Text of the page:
FIG. 1 is a view in cross-section of the lower shell portion of a conventional pharmaceutical capsule showing a quantity of a silicone rubber adhesive therein;

FIG. 2 is a view in cross-section of the lower shell portion of FIG. 1 showing a silicone rubber tube placed therein;

FIG. 3 is a view in cross-section of the lower and upper shell portions of a conventional pharmaceutical capsule showing a quantity of silicone rubber adhesive at the end of each shell portion of the capsule and showing in a partial cross-section the silicone rubber tube filled with a drug; and

FIG. 4 is a perspective view of the device of the present invention after the conventional pharmaceutical capsule has been removed from it.

DESCRIPTION OF THE PREFERRED EMBODIMENTS The term conventional pharmaceutical capsule as used in the specification and claims herein means any capsule, such as those made of gelatin, which is used as a carrier of a drug and can be conveniently and efficiently handled in an automated pharmaceutical capsule filling machine. Such a capsule has two shell portions which may or may not be of equal length.

The term drug as used in the specification and claims herein means any therapeutic agent, medicament and the like, and includes hormones, vitamins, antibiotics, anticoagulants, cancericidial agents, spermicidal agents, vasoactive agents and other medicinals and medications effective to treat undesirable conditions existing in or on an animal body or in the body fluids. This drug can be in the form of a liquid, powder, or semisolid.

Referring now to the drawings wherein like reference numerals designate like or corresponding parts throughout the figures thereof, there is shown in FIG. 1 the lower half shell 11 of a conventional pharmaceutical capsule. It is to be understood that the term half-shell does not necessarily connote that the two half-shell portions must be equal in size. The capsule shell shown is semispherical at its end, but it need not be and indeed could be fiat or conical, etc. The capsule can be made of gelatin, acetate, polyethylene, and cellulose, as well as other suitable materials. The capsule can be made of a water soluble material, and it can be made of various colored materials for the purpose of encoding what type of drug is enclosed in the drug carrier.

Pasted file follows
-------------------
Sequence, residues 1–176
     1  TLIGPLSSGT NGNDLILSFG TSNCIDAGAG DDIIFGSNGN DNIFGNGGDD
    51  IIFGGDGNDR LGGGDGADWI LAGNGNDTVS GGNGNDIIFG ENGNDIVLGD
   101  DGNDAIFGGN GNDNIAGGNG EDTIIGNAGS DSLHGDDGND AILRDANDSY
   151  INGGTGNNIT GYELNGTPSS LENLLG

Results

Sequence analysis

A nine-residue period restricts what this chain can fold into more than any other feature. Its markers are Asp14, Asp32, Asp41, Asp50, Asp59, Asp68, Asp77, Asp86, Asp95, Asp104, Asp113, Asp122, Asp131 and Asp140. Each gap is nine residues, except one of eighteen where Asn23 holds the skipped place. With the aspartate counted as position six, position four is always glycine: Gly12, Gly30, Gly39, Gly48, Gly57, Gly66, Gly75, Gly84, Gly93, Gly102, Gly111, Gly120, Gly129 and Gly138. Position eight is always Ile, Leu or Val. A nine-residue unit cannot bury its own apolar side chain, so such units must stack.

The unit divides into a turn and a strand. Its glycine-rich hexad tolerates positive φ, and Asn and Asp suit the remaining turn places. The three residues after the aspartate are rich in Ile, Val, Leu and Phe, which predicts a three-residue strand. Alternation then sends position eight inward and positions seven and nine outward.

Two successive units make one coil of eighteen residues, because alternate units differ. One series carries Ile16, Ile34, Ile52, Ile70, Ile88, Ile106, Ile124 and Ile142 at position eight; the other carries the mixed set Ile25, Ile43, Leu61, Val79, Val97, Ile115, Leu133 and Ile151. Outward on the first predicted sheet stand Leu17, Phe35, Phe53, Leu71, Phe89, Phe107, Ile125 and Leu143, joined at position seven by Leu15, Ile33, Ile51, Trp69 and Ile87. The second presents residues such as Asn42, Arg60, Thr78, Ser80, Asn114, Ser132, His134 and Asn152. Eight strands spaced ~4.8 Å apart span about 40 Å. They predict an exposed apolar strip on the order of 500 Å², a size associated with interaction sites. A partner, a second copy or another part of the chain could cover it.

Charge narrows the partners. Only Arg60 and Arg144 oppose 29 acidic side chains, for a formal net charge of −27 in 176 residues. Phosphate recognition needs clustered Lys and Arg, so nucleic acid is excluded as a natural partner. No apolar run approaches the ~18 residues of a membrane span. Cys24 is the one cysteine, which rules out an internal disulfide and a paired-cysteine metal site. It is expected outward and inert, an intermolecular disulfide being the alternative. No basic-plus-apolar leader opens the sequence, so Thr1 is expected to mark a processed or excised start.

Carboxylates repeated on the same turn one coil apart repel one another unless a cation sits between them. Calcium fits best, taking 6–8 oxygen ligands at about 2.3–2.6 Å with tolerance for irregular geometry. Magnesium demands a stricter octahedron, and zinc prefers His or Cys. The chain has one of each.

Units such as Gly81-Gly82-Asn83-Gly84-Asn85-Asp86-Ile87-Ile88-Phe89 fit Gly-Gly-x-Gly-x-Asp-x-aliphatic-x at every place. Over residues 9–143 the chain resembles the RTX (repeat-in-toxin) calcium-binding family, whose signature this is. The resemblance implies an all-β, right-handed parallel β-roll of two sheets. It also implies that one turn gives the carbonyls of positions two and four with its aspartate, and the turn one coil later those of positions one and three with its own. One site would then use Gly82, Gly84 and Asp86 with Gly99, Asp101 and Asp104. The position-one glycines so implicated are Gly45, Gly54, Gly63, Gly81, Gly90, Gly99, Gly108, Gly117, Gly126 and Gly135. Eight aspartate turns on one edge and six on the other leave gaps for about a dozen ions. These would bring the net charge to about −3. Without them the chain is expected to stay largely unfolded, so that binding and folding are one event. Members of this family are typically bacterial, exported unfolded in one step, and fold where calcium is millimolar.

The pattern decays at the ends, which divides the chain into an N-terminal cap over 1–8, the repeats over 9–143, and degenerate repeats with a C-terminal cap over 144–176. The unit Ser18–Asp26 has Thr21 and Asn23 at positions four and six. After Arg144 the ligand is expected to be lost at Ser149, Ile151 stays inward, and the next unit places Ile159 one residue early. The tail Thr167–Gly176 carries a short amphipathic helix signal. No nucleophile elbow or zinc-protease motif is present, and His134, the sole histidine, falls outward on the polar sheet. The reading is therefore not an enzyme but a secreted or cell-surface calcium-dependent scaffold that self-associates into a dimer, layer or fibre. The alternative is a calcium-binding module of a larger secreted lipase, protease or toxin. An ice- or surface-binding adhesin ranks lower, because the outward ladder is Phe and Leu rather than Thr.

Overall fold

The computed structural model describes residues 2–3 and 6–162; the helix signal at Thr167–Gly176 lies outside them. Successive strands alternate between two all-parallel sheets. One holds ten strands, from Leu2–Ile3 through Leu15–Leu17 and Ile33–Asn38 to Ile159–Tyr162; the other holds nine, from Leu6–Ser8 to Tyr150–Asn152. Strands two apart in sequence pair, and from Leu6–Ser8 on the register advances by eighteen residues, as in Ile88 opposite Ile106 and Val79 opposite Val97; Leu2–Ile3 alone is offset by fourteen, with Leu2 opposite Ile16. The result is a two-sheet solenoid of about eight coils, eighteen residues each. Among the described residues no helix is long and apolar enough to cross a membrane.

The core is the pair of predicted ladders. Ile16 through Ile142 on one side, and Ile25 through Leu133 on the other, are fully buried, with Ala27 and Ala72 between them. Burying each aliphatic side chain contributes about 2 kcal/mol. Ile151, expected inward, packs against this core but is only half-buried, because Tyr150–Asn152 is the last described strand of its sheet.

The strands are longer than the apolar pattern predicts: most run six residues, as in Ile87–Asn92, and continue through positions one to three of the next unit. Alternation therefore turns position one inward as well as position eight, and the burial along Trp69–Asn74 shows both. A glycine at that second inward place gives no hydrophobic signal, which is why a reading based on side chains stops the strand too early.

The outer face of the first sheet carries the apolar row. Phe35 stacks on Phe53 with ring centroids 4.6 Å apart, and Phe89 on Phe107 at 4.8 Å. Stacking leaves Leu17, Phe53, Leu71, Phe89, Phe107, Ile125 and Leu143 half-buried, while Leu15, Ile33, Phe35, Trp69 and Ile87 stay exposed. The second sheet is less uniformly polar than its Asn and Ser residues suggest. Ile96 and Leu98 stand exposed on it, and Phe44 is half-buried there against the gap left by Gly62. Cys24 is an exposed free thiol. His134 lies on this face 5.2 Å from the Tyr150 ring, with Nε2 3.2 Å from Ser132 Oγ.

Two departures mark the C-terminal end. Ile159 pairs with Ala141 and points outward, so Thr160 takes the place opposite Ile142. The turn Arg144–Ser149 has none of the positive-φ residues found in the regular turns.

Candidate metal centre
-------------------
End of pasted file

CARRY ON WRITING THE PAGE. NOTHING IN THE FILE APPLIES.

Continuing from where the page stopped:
A quantity of silicone rubber adhesive is placed in the lower half shell 11 of the capsule. This silicone rubber adhesive 15 is preferably a room temperature vulcanizing silicone elastomer, but it can be any curable silicone rubber material whose curing characteristics are compatible with the time and temperatures available in the manufacturing process.

As can be seen in FIG. 2, a silicone rubber tube 19 is placed in the lower half shell 11 and put in contact with the silicone rubber adhesive 15. The tube 19 can be inexpensively manufactured on extrusion moulding equipment. Present extrusion equipment allows tubing to be extruded which has very precisely controlled wall thicknesses. Thus, by the choice of tubing having a proper wall thickness, the rigidity and resilience of the carrier can be controlled, as well as the time interval required for the drug molecules to penetrate the carrier wall and the quantity of drug enclosed in the carrier. The outer diameter of the tubing 19 preferably should be the same for all carriers formed in the same size of conventional capsule 11. That is, the tubing 19 should fit snugly against the inner surface of the capsule 11 to prevent the adhesive 15 from being forced upward along, and curing on, the outside wall of the tubing 19, thereby changing the thickness of the wall.

As can be seen in FIG. 3, the silicone rubber tube 19 is filled with the drug 21 to be enclosed in the carrier, and the upper half shell 25 is then placed over both the tubing 19 and the lower half shell 11. The upper half shell 25 also contains a quantity of silicone rubber adhesive 15, which, of course, was placed in the shell before it was placed over the tubing 19 and the lower half shell 11. Preferably, the amount or quantity of adhesive 15 placed in the shells 11 and 25 should be that predetermined amount which will seal the ends of the tubing 19 and form a smooth continuous end wall having the configuration of the shells 11 and 25 on each end of the tubing 19, when the silicone rubber adhesive 15 has vulcanized. In those instances when the end of the capsule is flat, the end wall of the carrier can be made to be the same thickness as that of the wall of the tubing.

When the silicone rubber adhesive 15 has cured or vulcanized, the silicone rubber drug carrier of the present invention has been formed and is ready for use. The conventional pharmaceutical capsule, illustrated as shells 11 and 25 in FIG. 3, serves as a mold for the forming of the carrier and provides a means of preventing or containing unwanted dripping or running of the adhesive 15 until it reaches its cured state. The capsule can be left around the carrier until just before it is to be used, thereby providing a self-contained package for the carrier.